Cybersecurity is in the news and for good reason. Many of us have experienced firsthand what cybercriminals can do with our credit card numbers and our personally identifiable information being sold on the black market. In government, though, the stakes are higher. So it shouldn’t be a surprise that cybersecurity is on GAO’s High Risk List. Vulnerabilities abound in today’s technology-dependent world, and cybercriminals excel at exploiting weakness. Fortunately there are weapons organizations can deploy to fight back, and they fall into three main categories: people, tools, and data.
Anybody who has anything has something worth stealing. Today’s advanced cybersecurity threats are putting CISOs on the hot seat. And while detection and prevention remain the staples of security, effective incident response has become critical to the bottom line. When (not if) you are breached—how will you investigate, and how will you respond? This post explores 7 important questions that every Chief Information Security Officer must be able to answer about incident response.
The theft of credit card and personal identity information is big business. We’ve all seen the headlines about data breaches at Target, Home Depot, and JPMorgan Chase. At JPMorgan Chase, personal information for 83 million households and small businesses was stolen, including names, addresses, phone numbers, and emails. The theft of this personal information is not only expensive to JPMorgan Chase (and its insurers), and not only upsetting for all the people impacted—it can also lead to more cyber attacks in the future, since personal information helps cybercriminals better target individuals. To investigate a cyber attack, you need to be able to look back in time and figure out what happened: how did the attackers get in the door? Where did they go, and what did they take once they got inside?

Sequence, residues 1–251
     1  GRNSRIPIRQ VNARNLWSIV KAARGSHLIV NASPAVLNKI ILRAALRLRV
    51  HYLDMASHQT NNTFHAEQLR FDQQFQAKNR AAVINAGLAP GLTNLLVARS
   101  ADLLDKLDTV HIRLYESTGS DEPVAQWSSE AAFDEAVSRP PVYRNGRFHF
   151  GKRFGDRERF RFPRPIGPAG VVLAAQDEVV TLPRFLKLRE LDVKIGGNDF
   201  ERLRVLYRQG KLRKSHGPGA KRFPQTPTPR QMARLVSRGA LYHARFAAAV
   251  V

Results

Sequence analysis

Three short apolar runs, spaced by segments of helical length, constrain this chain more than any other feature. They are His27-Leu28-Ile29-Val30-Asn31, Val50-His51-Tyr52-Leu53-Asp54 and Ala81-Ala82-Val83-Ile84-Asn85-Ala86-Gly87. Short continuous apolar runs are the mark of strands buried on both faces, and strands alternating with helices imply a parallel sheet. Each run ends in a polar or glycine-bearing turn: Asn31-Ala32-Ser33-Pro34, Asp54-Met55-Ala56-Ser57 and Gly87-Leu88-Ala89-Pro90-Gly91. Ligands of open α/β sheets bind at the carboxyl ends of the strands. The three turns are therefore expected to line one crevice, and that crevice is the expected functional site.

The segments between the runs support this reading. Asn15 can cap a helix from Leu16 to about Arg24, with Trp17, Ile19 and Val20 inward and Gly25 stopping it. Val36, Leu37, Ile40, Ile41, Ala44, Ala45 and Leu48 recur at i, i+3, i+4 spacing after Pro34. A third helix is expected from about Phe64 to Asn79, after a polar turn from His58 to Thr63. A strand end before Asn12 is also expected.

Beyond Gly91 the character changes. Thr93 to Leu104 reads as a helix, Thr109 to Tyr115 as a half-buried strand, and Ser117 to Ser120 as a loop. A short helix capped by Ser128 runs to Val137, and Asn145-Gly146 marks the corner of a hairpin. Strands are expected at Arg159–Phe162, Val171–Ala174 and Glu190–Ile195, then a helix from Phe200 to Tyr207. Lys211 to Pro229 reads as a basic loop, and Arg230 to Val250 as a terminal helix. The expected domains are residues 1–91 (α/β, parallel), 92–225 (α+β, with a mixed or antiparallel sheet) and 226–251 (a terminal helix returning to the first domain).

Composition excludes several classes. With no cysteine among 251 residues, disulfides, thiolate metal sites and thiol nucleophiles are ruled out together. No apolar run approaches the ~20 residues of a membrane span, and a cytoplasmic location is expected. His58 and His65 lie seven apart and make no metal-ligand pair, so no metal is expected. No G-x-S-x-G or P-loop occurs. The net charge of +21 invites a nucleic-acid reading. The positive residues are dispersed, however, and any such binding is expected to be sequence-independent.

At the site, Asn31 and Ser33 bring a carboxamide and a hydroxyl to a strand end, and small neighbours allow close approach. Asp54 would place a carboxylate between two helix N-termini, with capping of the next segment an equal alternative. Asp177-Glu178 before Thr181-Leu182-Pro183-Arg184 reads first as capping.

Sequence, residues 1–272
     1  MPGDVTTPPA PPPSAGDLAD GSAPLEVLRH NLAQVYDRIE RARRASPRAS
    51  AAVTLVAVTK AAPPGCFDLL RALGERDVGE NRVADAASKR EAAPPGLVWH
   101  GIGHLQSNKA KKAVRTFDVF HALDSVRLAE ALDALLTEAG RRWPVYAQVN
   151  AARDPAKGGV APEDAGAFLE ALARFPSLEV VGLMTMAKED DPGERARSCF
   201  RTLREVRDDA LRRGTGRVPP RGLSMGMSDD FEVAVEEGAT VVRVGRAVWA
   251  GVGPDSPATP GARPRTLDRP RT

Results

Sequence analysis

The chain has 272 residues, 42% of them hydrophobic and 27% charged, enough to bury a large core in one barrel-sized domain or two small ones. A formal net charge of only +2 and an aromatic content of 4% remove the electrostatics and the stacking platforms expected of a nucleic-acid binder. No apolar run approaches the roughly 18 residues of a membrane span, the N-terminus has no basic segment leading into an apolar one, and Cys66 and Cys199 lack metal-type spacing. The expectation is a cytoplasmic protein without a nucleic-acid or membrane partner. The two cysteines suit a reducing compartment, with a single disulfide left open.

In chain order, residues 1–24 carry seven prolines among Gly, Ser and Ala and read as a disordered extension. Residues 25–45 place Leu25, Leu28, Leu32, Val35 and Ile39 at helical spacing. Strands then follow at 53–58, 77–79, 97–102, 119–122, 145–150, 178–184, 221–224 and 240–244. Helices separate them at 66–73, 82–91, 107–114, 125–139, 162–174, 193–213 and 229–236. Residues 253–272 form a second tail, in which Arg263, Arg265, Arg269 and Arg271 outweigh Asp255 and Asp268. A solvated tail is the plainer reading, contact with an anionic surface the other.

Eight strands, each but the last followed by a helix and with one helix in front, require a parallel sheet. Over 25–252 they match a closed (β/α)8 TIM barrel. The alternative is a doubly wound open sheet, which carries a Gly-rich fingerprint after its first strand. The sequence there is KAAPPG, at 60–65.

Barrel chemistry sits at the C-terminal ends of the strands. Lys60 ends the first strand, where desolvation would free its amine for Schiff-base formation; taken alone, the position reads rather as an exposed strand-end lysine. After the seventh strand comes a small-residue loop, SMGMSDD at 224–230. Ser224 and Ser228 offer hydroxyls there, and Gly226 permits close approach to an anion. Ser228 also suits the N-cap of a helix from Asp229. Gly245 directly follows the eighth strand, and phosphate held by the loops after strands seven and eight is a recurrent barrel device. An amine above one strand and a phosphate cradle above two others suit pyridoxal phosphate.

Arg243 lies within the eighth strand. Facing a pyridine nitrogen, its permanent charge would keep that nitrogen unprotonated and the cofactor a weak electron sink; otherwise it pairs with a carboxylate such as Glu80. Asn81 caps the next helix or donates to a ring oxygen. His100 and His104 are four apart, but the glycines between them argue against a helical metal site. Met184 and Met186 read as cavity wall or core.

A former FBI director is famous for saying that there are two types of companies: those that have been hacked, and those that will be. One of the rewards of working on scale-out storage for mission critical environments is that you get to work on solutions that make a difference—to national security, to financial markets, to our economy. Today we are pleased to announce Quantum’s partnership with FireEye in the area of network forensics—a critical component of any modern organization’s security operations.